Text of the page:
Four days after the state is permitting gambling parlors to resume operations

Atlantic City's Borgata to reopen its doors July 6

Gov. Phil Murphy announced Monday that Atlantic City’s nine casinos could reopen July 2 at 25% capacity.
2020-06-24
Reading time 1:24 min
With limited amenities available, the casino will essentially be conducting a “soft opening” so officials can evaluate its new health and safety protocols. Borgata will host an invitation-only experience for guests beginning July 2.

Borgata Hotel Casino & Spa has announced that it will reopen to the public at 10 a.m. July 6. The Atlantic City casino will host an invitation-only experience for the Independence Day weekend.

The casino said it wanted to take advantage of a “friends and family” grace period that the state is permitting upon reopening, the Press of Atlantic City reports.

“We are proud to be part of this resilient community that has remained strong and caring during these challenging months. When we reopen our doors, we do so with excitement to welcome back our employees and guests, and with an unwavering commitment to their health and safety,” said Melonie Johnson, president of Borgata. “Summer is a special time in Atlantic City, and we look forward to playing a part in offering some much-needed entertainment.”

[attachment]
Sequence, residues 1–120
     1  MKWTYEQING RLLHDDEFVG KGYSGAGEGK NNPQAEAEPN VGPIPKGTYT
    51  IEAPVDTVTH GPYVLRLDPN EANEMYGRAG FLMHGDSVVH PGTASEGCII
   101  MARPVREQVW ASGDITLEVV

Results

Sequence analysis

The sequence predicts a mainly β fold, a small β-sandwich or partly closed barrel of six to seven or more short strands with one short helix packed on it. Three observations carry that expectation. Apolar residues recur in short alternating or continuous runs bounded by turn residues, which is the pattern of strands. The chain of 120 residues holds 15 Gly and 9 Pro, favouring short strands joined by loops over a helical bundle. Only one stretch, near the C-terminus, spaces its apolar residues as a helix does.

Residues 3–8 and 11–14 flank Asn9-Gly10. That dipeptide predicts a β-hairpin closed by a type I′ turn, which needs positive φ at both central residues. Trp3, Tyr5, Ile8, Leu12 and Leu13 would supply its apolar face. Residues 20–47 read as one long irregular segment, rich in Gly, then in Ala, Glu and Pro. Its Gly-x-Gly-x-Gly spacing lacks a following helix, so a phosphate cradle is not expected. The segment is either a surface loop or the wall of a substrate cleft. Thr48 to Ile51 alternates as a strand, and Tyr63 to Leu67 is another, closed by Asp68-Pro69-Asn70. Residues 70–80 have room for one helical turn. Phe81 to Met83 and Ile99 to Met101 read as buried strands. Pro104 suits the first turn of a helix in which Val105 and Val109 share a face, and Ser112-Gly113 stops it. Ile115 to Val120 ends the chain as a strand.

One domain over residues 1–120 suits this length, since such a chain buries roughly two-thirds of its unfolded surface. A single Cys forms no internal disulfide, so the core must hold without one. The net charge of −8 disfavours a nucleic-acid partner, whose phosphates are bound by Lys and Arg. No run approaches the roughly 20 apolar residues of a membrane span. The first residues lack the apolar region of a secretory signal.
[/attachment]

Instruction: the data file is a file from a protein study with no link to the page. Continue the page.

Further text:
Gov. Phil Murphy announced Monday that Atlantic City’s nine casinos could reopen July 2 at 25% capacity. The city’s casinos have been closed since March 16 to mitigate the spread of the novel coronavirus.

Murphy is expected to release additional details in the next few days about the capacity restrictions and industry-wide protocols for the casinos. On Monday, the governor said face masks — a recommendation in most other states that have reopened casinos — will be mandatory in Atlantic City for both guests and employees.

Borgata’s parent company, MGM Resorts International, released its “Seven-Point Safety Plan” in May, several days before the gaming operator reopened its signature properties in Las Vegas.
The 106-day closure will go down as the longest stretch Atlantic City has gone without operational casinos since legal gambling began in the seaside resort in 1978.

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